ab .sub;h-o-shaam shaayad girye pah rang aave
rahtaa hai kuchh jhamaktaa ;xuu;N-naab chashm-e tar me;N

1) now, morning and evening, perhaps color/style would come over/upon weeping
2) some glistening pure blood remains in the wet/moist eye



S. R. Faruqi:

In this verse the 'mood' of desire/longing [ishtiyaaq] is in a world of its own. In


the style of desire/longing was different-- the speaker saw himself to be in harmony with changes in the external world (the coming of spring, the youth of the madman); and in one way or another, on some level he wished to participate in those changes.

In the present verse, the desire/longing is that tears, which have not yet become colorful, somehow would become colorful (so that the increase in the intensity of passion could be known, or so that the garment-hem and the sleeve would be able to become colorful). Now, when the eyes are wet (in this is the implication that the eyes were already wet with tears), a certain amount of pure blood is glistening-- so that there's hope that morning and evening (quickly) the tears will come to their true color.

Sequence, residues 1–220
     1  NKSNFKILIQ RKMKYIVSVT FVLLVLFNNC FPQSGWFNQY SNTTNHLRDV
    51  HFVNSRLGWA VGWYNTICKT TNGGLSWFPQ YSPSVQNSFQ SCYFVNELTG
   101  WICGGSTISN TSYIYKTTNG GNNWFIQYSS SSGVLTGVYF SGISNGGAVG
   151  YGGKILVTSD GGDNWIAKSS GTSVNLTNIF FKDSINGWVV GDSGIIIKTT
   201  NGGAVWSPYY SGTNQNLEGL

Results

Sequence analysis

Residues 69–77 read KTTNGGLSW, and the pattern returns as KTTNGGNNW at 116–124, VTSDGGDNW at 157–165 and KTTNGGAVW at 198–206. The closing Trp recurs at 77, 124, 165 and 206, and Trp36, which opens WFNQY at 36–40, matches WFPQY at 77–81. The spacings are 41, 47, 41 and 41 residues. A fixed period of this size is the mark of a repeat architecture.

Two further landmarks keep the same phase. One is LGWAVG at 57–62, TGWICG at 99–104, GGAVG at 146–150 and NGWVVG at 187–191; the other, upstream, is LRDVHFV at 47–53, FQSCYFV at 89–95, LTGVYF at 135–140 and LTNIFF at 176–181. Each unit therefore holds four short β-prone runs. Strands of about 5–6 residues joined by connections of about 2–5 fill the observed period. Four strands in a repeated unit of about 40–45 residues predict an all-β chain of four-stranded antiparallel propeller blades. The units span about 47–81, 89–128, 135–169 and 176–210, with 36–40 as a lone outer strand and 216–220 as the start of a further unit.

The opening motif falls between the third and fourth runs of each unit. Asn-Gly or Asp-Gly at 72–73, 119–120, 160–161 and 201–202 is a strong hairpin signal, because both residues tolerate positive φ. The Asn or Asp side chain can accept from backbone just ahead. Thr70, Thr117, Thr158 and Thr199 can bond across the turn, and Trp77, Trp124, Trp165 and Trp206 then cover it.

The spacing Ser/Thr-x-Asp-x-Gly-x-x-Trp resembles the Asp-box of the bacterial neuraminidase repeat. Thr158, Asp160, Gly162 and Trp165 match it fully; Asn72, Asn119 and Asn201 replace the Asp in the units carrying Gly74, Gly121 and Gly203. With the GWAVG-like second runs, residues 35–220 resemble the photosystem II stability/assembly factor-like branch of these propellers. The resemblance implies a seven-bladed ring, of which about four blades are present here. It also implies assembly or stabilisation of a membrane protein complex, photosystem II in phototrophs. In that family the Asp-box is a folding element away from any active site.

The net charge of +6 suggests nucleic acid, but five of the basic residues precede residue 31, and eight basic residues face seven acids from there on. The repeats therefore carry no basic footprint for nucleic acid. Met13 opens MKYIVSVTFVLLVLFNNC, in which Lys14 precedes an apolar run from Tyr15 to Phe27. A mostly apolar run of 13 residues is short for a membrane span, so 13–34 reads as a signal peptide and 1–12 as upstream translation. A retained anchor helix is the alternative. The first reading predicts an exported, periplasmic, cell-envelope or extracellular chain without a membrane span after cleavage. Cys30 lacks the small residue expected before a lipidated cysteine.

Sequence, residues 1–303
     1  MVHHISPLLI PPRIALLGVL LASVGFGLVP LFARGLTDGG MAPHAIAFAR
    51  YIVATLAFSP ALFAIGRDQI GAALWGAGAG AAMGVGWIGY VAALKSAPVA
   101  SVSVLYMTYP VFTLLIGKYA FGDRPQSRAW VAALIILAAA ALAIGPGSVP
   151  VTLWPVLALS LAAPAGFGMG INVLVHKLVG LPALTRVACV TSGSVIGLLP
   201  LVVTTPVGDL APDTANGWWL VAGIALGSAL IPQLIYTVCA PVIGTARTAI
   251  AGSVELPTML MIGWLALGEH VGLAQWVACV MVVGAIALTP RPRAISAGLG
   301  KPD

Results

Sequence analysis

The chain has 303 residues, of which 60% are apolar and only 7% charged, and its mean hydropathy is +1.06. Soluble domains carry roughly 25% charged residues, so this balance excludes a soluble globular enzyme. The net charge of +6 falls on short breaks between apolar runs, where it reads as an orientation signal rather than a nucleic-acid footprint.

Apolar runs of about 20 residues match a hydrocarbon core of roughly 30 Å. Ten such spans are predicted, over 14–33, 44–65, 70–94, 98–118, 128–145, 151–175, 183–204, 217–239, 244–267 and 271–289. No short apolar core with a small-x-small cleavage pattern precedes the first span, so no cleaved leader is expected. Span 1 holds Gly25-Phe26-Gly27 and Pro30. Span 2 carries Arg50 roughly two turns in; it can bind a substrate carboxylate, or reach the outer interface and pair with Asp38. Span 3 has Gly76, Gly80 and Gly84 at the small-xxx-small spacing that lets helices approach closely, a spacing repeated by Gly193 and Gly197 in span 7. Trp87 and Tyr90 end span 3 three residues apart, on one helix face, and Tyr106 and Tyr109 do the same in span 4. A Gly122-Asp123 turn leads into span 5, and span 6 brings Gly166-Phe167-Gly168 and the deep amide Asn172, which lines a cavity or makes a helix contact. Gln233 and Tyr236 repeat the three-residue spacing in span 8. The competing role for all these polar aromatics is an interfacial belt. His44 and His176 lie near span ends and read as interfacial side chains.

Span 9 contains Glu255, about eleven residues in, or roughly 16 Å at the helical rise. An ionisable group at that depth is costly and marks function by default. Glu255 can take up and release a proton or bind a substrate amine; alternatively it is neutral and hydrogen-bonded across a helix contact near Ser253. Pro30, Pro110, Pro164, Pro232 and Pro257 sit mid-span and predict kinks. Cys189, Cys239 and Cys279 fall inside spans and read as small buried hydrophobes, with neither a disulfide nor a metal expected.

In the first line the colloquialness of .sub;h-o-shaam , and in the second line the colloquialness of kuchh jhamaktaa , are very fine. In the verse the theme is nothing. But the 'implication' and the 'mood' haven't permitted this deficiency to be felt.



No doubt there are some colloquial pleasures that I can't feel. But I don't feel much of a 'mood' either, and no particular 'implication' seems very notable. To my mind the verse has no charms that can atone for its 'deficiency'-- which is, as SRF recognizes, that 'the theme is nothing'.